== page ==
A new computational method that uses polynomial equations and dynamical systems to evaluate logical propositions is introduced and applied to Goedel’s incompleteness theorems. The truth value of a logical formula subject to a set of axioms is computed from the solution to the corresponding system of polynomial equations. A reference by a formula to its own provability is shown to be a recurrence relation, which can be either interpreted as such to generate a discrete dynamical system, or interpreted in a static way to create an additional simultaneous equation. In this framework the truth values of logical formulas and other polynomial objectives have complex data structures: sets of elementary values, or dynamical systems that generate sets of infinite sequences of such solution-value sets. Besides the routine result that a formula has a definite elementary value, these data structures encode several exceptions: formulas that are ambiguous, unsatisfiable, unsteady, or contingent. These exceptions represent several semantically different types of undecidability; none causes any fundamental problem for mathematics. It is simple to calculate that Goedel’s formula, which asserts that it cannot be proven, is exceptional in specific ways: interpreted statically, the formula defines an inconsistent system of equations (thus it is called unsatisfiable); interpreted dynamically, it defines a dynamical system that has a periodic orbit and no fixed point (thus it is called unsteady). These exceptions are not catastrophic failures of logic; they are accurate mathematical descriptions of Goedel’s self-referential construction. Goedel’s analysis does not reveal any essential incompleteness in formal reasoning systems, nor any barrier to proving the consistency of such systems by ordinary mathematical means.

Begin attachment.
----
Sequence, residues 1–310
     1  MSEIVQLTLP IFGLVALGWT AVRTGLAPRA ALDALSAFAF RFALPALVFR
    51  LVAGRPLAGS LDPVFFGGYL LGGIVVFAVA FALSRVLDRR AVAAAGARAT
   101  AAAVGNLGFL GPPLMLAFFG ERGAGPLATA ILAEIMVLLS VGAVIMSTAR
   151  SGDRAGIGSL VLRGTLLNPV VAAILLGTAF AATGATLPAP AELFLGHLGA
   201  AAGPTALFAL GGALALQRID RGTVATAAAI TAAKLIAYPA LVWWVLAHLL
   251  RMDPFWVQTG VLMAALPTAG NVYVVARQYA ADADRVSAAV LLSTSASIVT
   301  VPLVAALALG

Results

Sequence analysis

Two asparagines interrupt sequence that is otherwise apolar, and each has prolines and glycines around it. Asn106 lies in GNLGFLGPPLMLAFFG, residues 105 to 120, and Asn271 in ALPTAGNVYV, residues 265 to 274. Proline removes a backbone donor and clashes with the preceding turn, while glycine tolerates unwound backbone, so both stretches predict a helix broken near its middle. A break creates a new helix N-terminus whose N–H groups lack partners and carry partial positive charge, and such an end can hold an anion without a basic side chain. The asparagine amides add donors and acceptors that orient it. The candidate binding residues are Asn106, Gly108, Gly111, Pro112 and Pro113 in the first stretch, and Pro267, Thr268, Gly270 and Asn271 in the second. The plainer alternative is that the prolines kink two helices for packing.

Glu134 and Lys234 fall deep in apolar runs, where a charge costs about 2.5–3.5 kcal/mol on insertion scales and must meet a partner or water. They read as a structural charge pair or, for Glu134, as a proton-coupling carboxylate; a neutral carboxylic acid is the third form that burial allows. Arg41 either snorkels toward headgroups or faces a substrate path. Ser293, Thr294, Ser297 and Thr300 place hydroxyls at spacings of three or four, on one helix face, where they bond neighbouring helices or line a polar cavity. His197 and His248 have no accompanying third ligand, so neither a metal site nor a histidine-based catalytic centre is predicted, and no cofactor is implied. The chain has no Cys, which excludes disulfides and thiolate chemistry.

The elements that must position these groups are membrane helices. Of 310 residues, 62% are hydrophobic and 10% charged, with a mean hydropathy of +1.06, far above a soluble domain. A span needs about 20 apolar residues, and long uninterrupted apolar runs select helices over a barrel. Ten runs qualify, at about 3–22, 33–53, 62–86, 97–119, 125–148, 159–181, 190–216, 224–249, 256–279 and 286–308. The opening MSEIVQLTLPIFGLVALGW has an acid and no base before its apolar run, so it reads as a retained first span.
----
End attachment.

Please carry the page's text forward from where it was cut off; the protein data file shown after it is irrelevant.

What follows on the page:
Computability, Gödel’s Incompleteness Theorem, and an inherent limit on the predictability of evolution

Por • 3 dic, 2011 • Category: Ambiente

The process of evolutionary diversification unfolds in a vast genotypic space of potential outcomes. During the past century there have been remarkable advances in the development of theory for this diversification, and the theory’s success rests, in part, on the scope of its applicability. A great deal of this theory focuses on a relatively small subset of the space of potential genotypes, chosen largely based on historical or contemporary patterns, and then predicts the evolutionary dynamics within this pre-defined set. To what extent can such an approach be pushed to a broader perspective that accounts for the potential open-endedness of evolutionary diversification? There have been a number of significant theoretical developments along these lines but the question of how far such theory can be pushed has not been addressed. Here a theorem is proven demonstrating that, because of the digital nature of inheritance, there are inherent limits on the kinds of questions that can be answered using such an approach. In particular, even in extremely simple evolutionary systems a complete theory accounting for the potential open-endedness of evolution is unattainable unless evolution is progressive. The theorem is closely related to G\»odel’s Incompleteness Theorem and to the Halting Problem from computability theory.